Note: Apple already killed TestFlight’s app by the time I’m writing this.

It turned out Apple made a what used to be a simple process a complicated off-putting procedure. What I didn’t know was that to distribute beta builds through TestFlight you need to go through Apple’s review process. For whatever reason Apple both wanted to allow you to send around unfinished apps but also restrict you in this.

I said NO and turned back to another service we’ve used in the past. HockeyApp (recently acquired by Microsoft) works in a very similar way to TestFlight and as a security/safety bonus is made by a company in Germany. (Therefore you can trust them with your stuff.)

HockeyApp http://hockeyapp.net/ is a paid online service (starting at 10$/month), which you can cancel monthly. I just cancel my subscription when I don’t have active beta testing campaigns and then re-start it when need to send adhoc builds again. Simple, plain website that just works – I recommend it.

Install instructions

One last point to mention about the first build – just before sending the email announcement to all beta testers I figured out that probably not all of them knew how to install the keyboard on their iPhone.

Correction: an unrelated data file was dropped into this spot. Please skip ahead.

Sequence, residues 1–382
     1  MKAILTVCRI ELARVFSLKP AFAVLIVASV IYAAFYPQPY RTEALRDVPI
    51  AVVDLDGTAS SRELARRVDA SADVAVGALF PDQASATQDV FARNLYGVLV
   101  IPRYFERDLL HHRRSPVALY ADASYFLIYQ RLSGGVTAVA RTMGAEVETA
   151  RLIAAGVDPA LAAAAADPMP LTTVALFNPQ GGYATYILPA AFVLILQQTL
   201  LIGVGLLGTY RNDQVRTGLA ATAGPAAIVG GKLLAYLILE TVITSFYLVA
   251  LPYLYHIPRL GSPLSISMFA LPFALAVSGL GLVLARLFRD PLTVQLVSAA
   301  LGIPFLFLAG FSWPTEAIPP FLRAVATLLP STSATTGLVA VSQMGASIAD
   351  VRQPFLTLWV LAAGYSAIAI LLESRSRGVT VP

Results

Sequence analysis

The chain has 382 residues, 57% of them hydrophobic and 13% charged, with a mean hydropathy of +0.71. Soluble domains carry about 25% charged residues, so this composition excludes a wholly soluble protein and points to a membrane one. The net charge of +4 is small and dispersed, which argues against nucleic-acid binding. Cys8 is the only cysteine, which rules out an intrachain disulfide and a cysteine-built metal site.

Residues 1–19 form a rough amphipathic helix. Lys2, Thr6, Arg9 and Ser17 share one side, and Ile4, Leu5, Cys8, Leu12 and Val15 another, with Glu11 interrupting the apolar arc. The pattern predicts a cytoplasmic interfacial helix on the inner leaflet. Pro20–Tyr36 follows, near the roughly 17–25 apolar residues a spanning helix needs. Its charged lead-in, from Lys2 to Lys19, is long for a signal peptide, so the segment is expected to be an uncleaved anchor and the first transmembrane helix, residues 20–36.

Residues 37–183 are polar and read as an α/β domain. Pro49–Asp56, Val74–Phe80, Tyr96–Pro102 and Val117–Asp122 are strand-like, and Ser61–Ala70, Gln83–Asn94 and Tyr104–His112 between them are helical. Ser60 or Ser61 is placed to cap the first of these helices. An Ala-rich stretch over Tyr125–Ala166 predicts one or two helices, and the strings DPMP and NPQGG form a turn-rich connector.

I mean – Apple has made the procedure unreasonably complicated and scary – and actually not so many end users know how to do it. It’s just not intuitive – it’s almost as if users are not supposed to install keyboards.

So I threw in a PS to the first beta version email. If you are writing something similar to the user of your app check how detailed the write up is – don’t assume any user knows anything about iOS or iPhone :)

PS: How to enable a custom keyboard on iOS?

1) Install the app

2) Open the iOS Settings app

3) Select General -> Keyboard -> Keyboards -> Add New Keyboard … -> Doodle Doodle

4) This will add “Doodle Doodle Ext – Doodle Doodle” to the list of installed keyboards